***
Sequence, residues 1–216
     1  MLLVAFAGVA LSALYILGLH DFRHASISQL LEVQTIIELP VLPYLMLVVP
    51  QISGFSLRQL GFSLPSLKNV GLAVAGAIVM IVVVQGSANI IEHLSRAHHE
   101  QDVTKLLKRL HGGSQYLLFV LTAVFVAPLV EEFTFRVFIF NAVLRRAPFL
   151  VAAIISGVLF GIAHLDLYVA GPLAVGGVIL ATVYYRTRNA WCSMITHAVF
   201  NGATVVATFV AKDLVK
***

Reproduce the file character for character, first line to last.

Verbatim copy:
Sequence, residues 1–216
     1  MLLVAFAGVA LSALYILGLH DFRHASISQL LEVQTIIELP VLPYLMLVVP
    51  QISGFSLRQL GFSLPSLKNV GLAVAGAIVM IVVVQGSANI IEHLSRAHHE
   101  QDVTKLLKRL HGGSQYLLFV LTAVFVAPLV EEFTFRVFIF NAVLRRAPFL
   151  VAAIISGVLF GIAHLDLYVA GPLAVGGVIL ATVYYRTRNA WCSMITHAVF
   201  NGATVVATFV AKDLVK